The Korea Herald


Former U.S. 8th Army chief improperly accepted gifts in South Korea: report

By Korea Herald

Published : Aug. 8, 2013 - 20:26

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Joseph F. Fil Jr., the former commander of the U.S. Eighth Army in South Korea, was found to have improperly accepted gifts while commanding U.S. troops here, the Washington Post reported on Wednesday, citing a confidential investigative report by the Pentagon’s Office of Inspector General.

According to a redacted version of the undated report, obtained by the Washington Post under the Freedom of Information Act, he improperly accepted a $1,500 gift of Montblanc Meisterstuck Classique roller-ball and ballpoint pens ― with “gold-plated furnishings” ― along with a $2,000 briefcase.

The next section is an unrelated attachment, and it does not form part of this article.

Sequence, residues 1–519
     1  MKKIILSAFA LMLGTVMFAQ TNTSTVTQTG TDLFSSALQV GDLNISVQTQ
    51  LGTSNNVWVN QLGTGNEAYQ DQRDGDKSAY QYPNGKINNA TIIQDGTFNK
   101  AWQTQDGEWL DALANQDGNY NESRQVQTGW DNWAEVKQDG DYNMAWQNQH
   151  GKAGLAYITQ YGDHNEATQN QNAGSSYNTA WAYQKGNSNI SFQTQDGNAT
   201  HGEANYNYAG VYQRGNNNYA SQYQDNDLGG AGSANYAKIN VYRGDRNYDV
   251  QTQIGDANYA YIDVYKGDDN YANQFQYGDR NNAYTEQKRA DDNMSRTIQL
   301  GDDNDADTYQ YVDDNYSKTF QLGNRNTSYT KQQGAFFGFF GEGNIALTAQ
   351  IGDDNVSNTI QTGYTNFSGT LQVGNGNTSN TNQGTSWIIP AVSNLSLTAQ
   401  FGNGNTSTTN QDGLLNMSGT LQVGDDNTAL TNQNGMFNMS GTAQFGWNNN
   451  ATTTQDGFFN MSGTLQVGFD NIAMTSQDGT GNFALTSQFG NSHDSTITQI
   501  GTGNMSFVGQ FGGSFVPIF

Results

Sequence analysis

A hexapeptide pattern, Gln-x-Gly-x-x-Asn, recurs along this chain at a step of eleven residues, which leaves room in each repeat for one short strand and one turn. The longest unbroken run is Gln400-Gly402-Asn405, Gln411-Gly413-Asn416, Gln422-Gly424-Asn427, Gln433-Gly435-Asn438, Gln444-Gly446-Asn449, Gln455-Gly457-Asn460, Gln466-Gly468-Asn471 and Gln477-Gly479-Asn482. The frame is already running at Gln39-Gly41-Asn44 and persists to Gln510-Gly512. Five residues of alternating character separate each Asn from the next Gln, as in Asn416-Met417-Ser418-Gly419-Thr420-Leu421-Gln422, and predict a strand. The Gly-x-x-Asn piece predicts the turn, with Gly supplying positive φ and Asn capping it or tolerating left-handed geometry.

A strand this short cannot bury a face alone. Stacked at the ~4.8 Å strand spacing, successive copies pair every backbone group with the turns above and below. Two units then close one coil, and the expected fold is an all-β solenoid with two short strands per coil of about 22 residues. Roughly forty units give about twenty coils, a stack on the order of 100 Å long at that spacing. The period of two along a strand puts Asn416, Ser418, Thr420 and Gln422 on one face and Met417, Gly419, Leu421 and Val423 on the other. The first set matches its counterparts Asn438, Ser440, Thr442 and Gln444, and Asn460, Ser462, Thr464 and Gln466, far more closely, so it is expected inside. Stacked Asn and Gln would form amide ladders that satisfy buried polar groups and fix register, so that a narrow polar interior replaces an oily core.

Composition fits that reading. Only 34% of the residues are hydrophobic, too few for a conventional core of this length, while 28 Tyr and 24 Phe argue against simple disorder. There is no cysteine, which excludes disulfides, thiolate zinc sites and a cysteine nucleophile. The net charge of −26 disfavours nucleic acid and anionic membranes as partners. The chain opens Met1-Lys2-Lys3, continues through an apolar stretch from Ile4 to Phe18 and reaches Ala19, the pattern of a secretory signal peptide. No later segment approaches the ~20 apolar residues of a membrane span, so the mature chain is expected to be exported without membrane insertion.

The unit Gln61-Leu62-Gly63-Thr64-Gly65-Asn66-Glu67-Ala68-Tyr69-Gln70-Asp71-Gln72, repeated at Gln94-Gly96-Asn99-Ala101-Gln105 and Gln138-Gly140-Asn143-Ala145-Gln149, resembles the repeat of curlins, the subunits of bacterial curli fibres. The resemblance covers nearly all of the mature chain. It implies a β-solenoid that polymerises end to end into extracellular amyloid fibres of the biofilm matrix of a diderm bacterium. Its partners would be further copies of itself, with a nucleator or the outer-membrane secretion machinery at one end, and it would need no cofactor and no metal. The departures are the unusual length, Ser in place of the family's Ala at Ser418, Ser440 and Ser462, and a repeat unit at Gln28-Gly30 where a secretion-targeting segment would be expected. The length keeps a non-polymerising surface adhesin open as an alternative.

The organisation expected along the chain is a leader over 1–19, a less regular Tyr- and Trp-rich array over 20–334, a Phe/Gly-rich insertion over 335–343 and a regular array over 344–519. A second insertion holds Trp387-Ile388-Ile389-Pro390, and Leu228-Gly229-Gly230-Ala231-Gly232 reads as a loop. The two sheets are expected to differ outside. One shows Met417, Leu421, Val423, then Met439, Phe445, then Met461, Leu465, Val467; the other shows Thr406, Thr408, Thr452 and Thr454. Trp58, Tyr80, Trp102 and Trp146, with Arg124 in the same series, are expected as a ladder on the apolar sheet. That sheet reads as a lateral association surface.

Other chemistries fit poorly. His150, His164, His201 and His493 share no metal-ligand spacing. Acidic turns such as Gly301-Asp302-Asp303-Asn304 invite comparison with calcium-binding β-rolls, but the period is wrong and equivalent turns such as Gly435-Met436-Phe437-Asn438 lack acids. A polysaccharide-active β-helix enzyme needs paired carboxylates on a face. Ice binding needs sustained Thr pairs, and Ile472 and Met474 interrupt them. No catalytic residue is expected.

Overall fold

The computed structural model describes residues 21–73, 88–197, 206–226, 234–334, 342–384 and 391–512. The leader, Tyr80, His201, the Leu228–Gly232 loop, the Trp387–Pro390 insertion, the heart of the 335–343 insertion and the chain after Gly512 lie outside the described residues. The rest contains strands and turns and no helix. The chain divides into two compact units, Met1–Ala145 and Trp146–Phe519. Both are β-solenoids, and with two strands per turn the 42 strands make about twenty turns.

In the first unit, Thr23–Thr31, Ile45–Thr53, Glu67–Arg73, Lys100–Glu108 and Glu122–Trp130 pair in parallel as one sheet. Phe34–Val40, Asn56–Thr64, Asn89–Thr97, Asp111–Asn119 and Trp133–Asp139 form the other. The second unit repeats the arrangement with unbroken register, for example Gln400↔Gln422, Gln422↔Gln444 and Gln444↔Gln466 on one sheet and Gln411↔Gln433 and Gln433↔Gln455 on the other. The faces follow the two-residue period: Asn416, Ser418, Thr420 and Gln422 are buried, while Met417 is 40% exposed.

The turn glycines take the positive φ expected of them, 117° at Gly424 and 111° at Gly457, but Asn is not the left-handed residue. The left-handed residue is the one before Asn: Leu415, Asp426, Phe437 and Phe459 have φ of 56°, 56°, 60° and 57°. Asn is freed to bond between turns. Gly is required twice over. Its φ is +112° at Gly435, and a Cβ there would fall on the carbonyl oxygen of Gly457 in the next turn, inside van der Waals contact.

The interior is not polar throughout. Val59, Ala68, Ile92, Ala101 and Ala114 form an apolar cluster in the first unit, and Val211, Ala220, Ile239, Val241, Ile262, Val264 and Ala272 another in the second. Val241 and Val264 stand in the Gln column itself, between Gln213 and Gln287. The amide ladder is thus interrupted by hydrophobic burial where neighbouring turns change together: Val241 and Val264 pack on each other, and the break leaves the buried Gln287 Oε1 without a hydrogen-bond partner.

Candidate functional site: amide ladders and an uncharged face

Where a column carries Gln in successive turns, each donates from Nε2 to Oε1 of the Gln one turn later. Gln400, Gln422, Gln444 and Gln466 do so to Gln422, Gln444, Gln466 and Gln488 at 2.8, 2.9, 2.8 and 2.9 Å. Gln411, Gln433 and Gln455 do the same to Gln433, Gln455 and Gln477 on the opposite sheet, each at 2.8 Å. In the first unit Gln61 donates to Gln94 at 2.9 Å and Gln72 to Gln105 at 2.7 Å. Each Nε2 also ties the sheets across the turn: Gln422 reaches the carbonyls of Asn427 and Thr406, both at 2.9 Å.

Joseph F. Fil Jr. Joseph F. Fil Jr.

The name of the South Korean donor was redacted from the report, but he was described as someone whom Fil met in his official capacity as a U.S. commander.

Pentagon’s investigators also determined that Fil “allowed” a family member to accept a $3,000 cash gift from the South Korean donor.

Fil told investigators that he accepted the gifts in “good conscience,” believing that they were legal because the giver was a longtime personal friend. However, investigators cast doubt on that explanation, noting that the South Korean did not speak English.

The report states that Fil “surrendered the briefcase and pen set to investigators” and that he ultimately repaid the $3,000 to the South Korean with a cashier’s check.

The investigation began in early 2011, shortly after Fil concluded his assignment as a commander in Korea. Agents from the FBI, the Army Criminal Investigation Command and the Defense Criminal Investigative Service assisted with the probe.

The report was completed more than a year ago, but the inspector general and the Army kept the details secret until this week, when The Washington Post obtained the redacted version under the FOIA.

By Chun Sung-woo (